Queen Elizabeth II gets this treatment: "(1926-) Her formal title, though seldom used, is Elizabeth the Second, by the Grace of God, of the United Kingdom of Great Britain and Northern Ireland and of Her Other Realms and Territories, Queen Head of the Commonwealth, Defender of the Faith. She became queen in 1952; her coronation was in 1953."

It's a great guide, amazingly inclusive (continual/continuous, entente cordiale, hara-kiri, Illinoian, Mafeking/Mafikeng, mutual/common, Poseidon, sangfroid, saccharin/saccharine, tautology/redundancy/pleonasm/solecism, Teatro alla Scala, whether or not, zeitgeist). The answers or solutions are there, simply put, absolutely clear.

Debunking the English Language

Along also comes Origin of the Specious, subtitled Myths and Misconceptions of the English Language, this by Patricia O'Conner and Stewart Kellerman (Random House). O'Conner is known for her bestselling Woe Is I. Kellerman is her husband, a former editor for The New York Times.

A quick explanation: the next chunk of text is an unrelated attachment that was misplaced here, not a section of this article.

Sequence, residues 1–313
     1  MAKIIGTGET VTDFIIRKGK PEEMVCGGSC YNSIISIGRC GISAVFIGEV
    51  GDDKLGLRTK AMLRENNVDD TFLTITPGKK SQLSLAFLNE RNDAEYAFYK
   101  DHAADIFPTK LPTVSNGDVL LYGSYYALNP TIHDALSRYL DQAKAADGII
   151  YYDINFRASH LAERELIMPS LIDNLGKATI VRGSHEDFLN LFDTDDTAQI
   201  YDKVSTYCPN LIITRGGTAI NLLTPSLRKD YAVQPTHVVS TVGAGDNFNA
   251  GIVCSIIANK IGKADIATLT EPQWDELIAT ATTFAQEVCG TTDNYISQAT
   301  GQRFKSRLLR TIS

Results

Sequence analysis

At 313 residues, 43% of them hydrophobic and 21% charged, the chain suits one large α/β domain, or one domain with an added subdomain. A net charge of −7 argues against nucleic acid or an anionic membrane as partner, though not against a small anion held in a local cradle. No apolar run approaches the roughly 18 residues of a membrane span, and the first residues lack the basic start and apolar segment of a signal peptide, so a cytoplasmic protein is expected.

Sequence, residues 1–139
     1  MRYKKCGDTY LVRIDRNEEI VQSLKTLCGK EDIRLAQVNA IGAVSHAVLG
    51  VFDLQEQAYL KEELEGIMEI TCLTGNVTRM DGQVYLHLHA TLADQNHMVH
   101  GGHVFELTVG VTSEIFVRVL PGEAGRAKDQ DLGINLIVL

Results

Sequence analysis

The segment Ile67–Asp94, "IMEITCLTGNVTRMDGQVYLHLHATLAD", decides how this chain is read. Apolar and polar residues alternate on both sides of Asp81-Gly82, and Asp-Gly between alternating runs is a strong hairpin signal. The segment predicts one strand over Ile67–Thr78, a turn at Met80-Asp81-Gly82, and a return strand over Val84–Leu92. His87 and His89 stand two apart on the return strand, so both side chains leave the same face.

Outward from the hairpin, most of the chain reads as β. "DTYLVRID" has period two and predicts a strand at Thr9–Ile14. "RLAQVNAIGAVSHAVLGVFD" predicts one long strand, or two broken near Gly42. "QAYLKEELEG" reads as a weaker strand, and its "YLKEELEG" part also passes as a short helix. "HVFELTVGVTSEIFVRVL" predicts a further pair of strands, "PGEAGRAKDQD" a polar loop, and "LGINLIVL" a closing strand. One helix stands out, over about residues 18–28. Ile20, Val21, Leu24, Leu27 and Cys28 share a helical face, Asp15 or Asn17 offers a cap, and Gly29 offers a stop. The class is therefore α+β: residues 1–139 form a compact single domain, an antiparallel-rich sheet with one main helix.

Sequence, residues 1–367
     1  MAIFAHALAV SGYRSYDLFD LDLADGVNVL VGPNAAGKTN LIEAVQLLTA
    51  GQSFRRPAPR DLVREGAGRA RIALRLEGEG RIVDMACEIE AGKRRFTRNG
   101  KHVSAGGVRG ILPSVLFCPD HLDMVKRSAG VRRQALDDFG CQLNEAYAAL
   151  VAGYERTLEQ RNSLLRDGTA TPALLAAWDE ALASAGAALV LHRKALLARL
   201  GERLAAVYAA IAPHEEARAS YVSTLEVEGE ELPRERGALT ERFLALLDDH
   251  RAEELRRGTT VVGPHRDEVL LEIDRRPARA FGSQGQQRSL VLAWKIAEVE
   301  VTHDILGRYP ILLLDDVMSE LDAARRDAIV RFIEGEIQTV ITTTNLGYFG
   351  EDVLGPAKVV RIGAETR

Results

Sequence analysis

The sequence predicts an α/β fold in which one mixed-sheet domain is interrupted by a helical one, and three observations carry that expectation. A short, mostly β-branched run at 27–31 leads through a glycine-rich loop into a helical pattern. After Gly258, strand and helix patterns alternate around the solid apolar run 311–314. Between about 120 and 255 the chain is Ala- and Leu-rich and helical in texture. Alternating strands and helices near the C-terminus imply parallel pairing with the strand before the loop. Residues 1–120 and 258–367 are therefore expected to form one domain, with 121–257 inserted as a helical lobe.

The two set about to debunk a book-full of "beloved ideas about English" that, they say, "are bunkum." They defend, for instance, a recent resident of the White House: "Nobody ever said the W in George W. Bush stood for Wordsmith. But our former President doesn't deserve the knuckle rapping that many wordies have given him for his famous pronunciation of 'nuclear.' The word has been mispronounced so often and so publicly that NOO-kyuh-lur is gaining a foothold in dictionaries." A thorough and brightly considered discourse follows.

Further along, amidst the profusion of set-straights, O'Conner and Kellerman state: "Perhaps you dis the verb 'disrespect,' snubbing it as a gangsta interloper from the world of hip-hop. Well, chill. This so-called bad boy is getting a bum rap. 'Disrespect' is a perfectly respectable verb that's been around since the 1600s." So, too, respectable, they insist, are other "African-American slang words that have come in off the streets and enriched the language" and "don't deserve to be dissed," such as "chill," "cred," "phat" (first-rate), "bling" (flashy jewelry), and "gangsta."